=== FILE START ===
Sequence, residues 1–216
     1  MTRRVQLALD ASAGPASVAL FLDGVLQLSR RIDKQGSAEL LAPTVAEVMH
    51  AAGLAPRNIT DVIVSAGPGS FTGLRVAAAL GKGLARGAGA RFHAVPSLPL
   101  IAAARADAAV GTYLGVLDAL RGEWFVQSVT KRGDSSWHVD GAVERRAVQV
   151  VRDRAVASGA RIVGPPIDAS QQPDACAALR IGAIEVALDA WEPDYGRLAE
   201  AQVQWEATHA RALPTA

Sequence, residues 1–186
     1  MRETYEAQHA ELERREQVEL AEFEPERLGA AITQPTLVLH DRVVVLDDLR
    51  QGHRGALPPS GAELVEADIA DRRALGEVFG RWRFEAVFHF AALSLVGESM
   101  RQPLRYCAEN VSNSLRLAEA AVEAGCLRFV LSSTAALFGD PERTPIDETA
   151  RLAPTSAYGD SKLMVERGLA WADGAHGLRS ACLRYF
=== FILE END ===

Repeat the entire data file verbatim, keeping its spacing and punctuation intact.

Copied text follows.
Sequence, residues 1–216
     1  MTRRVQLALD ASAGPASVAL FLDGVLQLSR RIDKQGSAEL LAPTVAEVMH
    51  AAGLAPRNIT DVIVSAGPGS FTGLRVAAAL GKGLARGAGA RFHAVPSLPL
   101  IAAARADAAV GTYLGVLDAL RGEWFVQSVT KRGDSSWHVD GAVERRAVQV
   151  VRDRAVASGA RIVGPPIDAS QQPDACAALR IGAIEVALDA WEPDYGRLAE
   201  AQVQWEATHA RALPTA

Sequence, residues 1–186
     1  MRETYEAQHA ELERREQVEL AEFEPERLGA AITQPTLVLH DRVVVLDDLR
    51  QGHRGALPPS GAELVEADIA DRRALGEVFG RWRFEAVFHF AALSLVGESM
   101  RQPLRYCAEN VSNSLRLAEA AVEAGCLRFV LSSTAALFGD PERTPIDETA
   151  RLAPTSAYGD SKLMVERGLA WADGAHGLRS ACLRYF